“Live by chance, love by choice, kill by profession”
Where Is The Cool? has a remarkably straightforward premise: everything in it is cool, so it’s a magazine-sized attempt to answer that question. The first issue found the cool in unexpected places — there were pages devoted to pigeon racing, and an obscure cookery book called ‘French Tarts’.
In this fourth issue, things have taken a more obviously commercial turn. Adidas tracksuits are featured, as are designer high heels. Interestingly, the first six pages of the magazine are devoted to a series of spoof advertisements: Bruce Lee models for Lee jeans; Alf the bear models for ‘Alf Lauren’. Part of Where Is The Cool’s revenue comes from brand partnerships, and the fake ads at the front seem to be acknowledging a certain level of discomfort with that fact — brand partnerships aren’t that cool.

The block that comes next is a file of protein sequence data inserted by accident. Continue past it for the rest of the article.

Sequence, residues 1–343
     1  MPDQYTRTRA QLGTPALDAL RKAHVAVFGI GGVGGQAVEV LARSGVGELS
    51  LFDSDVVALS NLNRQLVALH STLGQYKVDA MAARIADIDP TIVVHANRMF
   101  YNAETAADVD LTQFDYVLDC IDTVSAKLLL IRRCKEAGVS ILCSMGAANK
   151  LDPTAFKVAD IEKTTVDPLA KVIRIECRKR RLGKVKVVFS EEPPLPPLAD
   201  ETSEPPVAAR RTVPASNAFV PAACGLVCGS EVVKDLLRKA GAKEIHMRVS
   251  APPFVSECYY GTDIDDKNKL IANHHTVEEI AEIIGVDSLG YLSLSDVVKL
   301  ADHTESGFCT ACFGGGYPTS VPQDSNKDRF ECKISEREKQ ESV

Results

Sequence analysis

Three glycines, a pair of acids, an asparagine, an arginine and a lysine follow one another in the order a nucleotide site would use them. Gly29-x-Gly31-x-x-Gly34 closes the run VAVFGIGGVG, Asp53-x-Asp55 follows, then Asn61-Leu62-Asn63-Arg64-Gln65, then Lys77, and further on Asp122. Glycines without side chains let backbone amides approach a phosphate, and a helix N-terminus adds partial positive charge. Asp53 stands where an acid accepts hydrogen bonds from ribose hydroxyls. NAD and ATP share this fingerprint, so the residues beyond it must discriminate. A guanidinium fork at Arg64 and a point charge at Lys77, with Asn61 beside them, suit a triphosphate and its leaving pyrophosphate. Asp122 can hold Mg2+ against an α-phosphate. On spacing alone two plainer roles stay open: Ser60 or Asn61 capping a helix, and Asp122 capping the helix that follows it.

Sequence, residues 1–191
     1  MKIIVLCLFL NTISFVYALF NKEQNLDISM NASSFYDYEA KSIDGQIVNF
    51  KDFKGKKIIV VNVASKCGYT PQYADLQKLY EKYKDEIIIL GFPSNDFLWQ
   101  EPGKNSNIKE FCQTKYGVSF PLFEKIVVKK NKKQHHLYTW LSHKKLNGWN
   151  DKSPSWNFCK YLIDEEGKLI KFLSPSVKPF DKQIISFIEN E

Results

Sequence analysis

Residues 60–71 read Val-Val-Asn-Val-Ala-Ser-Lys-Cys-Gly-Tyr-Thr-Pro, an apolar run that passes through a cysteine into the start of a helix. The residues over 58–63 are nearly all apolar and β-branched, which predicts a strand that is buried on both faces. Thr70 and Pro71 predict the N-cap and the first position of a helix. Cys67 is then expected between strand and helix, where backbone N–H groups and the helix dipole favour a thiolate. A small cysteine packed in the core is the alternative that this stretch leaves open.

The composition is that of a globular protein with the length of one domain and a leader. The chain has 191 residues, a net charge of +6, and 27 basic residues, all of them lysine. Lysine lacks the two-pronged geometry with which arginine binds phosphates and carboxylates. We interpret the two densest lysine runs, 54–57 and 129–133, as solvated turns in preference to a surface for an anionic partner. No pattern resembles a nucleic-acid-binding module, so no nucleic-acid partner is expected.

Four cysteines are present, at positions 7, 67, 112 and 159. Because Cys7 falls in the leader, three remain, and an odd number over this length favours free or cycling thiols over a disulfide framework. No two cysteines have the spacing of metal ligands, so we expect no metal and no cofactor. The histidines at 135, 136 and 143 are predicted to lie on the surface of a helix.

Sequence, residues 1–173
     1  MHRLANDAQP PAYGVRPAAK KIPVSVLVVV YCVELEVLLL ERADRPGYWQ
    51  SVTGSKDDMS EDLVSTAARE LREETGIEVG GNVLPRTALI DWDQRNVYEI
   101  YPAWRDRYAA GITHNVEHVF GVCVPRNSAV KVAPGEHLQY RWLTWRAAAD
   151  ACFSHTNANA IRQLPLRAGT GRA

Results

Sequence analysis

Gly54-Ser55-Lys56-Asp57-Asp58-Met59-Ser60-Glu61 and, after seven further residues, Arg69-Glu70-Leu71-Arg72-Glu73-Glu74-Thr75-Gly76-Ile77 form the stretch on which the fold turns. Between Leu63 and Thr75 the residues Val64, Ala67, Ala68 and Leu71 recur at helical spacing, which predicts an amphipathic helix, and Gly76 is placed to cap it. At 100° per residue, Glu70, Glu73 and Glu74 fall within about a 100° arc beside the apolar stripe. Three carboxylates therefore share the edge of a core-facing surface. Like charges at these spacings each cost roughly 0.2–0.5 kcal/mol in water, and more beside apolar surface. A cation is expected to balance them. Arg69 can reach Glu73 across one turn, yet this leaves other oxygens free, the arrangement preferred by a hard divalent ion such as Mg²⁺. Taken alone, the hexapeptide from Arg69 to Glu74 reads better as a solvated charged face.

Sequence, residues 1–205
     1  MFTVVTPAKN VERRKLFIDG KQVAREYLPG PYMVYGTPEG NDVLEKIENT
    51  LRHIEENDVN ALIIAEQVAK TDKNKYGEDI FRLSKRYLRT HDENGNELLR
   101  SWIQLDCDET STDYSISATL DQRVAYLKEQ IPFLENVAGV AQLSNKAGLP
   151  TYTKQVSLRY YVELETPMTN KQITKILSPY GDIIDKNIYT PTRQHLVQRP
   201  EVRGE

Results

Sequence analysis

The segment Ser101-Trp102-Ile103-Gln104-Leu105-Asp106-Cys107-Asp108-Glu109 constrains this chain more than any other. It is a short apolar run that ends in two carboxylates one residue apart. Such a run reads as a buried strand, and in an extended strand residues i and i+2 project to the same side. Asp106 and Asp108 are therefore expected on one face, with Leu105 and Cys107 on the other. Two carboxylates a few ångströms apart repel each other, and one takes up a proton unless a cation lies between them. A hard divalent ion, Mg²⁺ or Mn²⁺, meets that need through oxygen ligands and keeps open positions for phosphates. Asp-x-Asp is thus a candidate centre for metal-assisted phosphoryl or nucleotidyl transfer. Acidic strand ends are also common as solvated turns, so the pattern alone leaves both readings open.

Thankfully, there’s still plenty in here you can’t buy. One spread is devoted to the “punchline poetry” of old Vietnam zippos. Accompanied by a picture of a rusted silver lighter, engraved with the lines: “Live by chance/ love by choice/ kill by profession” — the text tells the story of how traumatised soldiers would use their lighters to scrawl out “all the bitterness a teenager sent to the chop shop would feel”. Another excellent entry is all about the iconic race-car driver Senna’s passion for flying tiny remote-controlled aeroplanes.
What I like about Where Is The Cool is that every issue feels oddly timeless. Photographs are slightly smudged, and dreamy. You would never know we were in the middle of a pandemic by looking at these pages. You wouldn’t even really be able to tell what decade we’re in. It’s a relief.